When it comes to history, cities and sightseeing, why are we so fascinated by death? It seems whenever I research a city I’m visiting, beyond the obvious castles, museums, town squares and theatres, many city highlights tend to come back to the dead. Going to Edinburgh? Head to Greyfriars graveyard and the (purportedly) haunted vaults. Prague? Make the journey outside the city to the Sedlec Ossuary, or bone church, its interior strung with garlands of skulls and other human bones.
And Paris? The list is long. Those drawn to this side of history can wander the Père Lachaise, Montmartre and Montparnasse cemeteries, visit Napoléon in his resting place at Invalides, stumble across commemorative plaques across the city marking the homes in which famous names passed away, or descend into the sinister Catacombes.
Perhaps it’s the drama of the unknown that draws us to monuments and historic sites marking the dead. Perhaps it’s about respect, a desire to remember those who came before us. Perhaps it’s the universality of death, its common inevitability, that allows us to feel connected to a place, and its people, that are otherwise foreign to us. Perhaps it’s simple, gruesome curiosity. Whatever it is, these museums and monuments keep us coming back.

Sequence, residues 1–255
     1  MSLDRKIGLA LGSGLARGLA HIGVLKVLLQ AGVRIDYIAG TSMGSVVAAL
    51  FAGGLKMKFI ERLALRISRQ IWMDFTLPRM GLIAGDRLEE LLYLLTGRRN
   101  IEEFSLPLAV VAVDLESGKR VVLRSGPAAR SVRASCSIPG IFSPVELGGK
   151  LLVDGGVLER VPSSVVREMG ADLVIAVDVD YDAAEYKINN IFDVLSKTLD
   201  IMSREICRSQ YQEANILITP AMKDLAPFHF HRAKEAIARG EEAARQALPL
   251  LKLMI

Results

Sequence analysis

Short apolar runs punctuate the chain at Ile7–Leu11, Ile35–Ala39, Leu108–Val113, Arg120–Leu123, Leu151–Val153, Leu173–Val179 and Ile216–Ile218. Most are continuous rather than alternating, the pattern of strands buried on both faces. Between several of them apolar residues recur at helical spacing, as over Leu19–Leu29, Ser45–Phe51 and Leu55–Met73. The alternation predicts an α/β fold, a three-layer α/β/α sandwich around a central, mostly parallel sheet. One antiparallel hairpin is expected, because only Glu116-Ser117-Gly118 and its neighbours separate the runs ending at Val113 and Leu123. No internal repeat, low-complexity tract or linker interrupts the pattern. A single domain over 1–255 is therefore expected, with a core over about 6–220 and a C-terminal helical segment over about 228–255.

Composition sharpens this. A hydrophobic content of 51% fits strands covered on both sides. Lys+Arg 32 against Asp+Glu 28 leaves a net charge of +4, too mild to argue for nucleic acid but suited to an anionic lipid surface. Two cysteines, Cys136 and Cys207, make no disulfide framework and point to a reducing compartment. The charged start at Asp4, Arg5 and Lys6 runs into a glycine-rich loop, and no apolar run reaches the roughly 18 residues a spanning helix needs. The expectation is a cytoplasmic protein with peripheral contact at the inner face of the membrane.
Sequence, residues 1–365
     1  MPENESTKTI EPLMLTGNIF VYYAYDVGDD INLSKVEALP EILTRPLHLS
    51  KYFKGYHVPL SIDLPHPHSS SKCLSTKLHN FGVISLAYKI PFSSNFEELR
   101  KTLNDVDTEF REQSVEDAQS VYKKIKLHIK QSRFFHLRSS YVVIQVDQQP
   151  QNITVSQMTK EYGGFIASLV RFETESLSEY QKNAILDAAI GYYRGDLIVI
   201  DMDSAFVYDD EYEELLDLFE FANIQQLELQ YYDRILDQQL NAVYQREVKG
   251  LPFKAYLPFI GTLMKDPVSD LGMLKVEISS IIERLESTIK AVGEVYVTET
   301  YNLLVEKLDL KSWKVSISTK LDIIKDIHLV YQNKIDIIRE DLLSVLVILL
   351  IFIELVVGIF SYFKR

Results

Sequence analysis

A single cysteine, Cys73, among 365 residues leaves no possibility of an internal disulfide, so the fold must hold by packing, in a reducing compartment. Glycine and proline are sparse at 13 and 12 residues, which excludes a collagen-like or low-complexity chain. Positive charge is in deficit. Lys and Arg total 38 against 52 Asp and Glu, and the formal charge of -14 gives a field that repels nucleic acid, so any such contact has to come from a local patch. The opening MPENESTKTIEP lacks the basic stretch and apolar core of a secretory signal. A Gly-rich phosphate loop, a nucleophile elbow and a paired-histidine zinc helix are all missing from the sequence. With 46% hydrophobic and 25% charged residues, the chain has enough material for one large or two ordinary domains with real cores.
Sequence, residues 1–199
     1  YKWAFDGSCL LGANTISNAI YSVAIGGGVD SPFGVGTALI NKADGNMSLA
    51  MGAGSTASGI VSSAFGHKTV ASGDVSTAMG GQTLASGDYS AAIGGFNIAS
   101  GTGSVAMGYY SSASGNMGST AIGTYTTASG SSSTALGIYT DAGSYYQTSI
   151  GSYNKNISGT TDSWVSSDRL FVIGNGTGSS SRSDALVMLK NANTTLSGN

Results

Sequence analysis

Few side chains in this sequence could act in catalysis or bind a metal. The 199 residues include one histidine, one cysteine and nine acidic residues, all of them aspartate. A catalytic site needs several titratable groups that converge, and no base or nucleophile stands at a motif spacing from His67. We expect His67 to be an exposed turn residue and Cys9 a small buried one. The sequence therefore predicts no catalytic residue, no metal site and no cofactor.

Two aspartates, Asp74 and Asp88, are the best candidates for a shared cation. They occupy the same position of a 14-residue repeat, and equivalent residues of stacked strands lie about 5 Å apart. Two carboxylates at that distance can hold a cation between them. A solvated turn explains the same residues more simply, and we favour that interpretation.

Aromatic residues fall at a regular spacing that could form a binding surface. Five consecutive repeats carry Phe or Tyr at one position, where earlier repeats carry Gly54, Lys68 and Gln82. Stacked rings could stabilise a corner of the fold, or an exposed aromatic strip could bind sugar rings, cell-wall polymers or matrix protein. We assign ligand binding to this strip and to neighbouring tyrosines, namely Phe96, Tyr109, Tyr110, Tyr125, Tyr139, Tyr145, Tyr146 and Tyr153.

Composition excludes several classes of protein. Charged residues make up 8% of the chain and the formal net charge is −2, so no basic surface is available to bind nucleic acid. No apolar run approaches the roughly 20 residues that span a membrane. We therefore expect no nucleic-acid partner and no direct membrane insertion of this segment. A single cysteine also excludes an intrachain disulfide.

One of those places is the Panthéon, the stunning Latin Quarter monument. Beneath a majestic dome visible across the city, this one-time temple-turned-church-turned-crypt is one of the grandest buildings in Paris. On the ground floor, directly below the soaring dome, the Panthéon is all high walls, sumptuous neoclassical artwork and glittering marble floors, where public funerals for celebrated French figures occasionally take place.
But underground, things get even more interesting. Here, between pale sandstone walls, you’ll find the sarcophagi of many of France’s most valued individuals. Here lie Hugo, Voltaire, Curie, Zola, Rousseau and more. Which makes me think of another reason we might gravitate towards cities’ grand tombs when we visit: to be near greatness.